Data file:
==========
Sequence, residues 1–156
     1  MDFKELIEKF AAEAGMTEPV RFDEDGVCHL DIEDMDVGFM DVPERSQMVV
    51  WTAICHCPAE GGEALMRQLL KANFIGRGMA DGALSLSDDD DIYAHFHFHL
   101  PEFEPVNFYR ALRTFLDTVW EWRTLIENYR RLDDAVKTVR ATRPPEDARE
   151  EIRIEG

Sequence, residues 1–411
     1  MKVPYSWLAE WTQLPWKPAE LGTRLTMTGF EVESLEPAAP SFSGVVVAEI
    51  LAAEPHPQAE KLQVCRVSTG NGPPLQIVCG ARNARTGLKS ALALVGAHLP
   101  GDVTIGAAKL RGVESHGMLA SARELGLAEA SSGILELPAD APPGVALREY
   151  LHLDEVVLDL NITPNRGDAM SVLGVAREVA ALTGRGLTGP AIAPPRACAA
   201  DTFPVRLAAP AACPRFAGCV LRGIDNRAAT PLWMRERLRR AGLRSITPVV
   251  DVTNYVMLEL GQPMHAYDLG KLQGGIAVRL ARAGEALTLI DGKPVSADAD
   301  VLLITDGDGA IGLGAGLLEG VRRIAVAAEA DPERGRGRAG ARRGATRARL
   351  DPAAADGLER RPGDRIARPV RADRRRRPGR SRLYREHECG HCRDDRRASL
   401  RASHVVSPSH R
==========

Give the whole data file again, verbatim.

Sequence, residues 1–156
     1  MDFKELIEKF AAEAGMTEPV RFDEDGVCHL DIEDMDVGFM DVPERSQMVV
    51  WTAICHCPAE GGEALMRQLL KANFIGRGMA DGALSLSDDD DIYAHFHFHL
   101  PEFEPVNFYR ALRTFLDTVW EWRTLIENYR RLDDAVKTVR ATRPPEDARE
   151  EIRIEG

Sequence, residues 1–411
     1  MKVPYSWLAE WTQLPWKPAE LGTRLTMTGF EVESLEPAAP SFSGVVVAEI
    51  LAAEPHPQAE KLQVCRVSTG NGPPLQIVCG ARNARTGLKS ALALVGAHLP
   101  GDVTIGAAKL RGVESHGMLA SARELGLAEA SSGILELPAD APPGVALREY
   151  LHLDEVVLDL NITPNRGDAM SVLGVAREVA ALTGRGLTGP AIAPPRACAA
   201  DTFPVRLAAP AACPRFAGCV LRGIDNRAAT PLWMRERLRR AGLRSITPVV
   251  DVTNYVMLEL GQPMHAYDLG KLQGGIAVRL ARAGEALTLI DGKPVSADAD
   301  VLLITDGDGA IGLGAGLLEG VRRIAVAAEA DPERGRGRAG ARRGATRARL
   351  DPAAADGLER RPGDRIARPV RADRRRRPGR SRLYREHECG HCRDDRRASL
   401  RASHVVSPSH R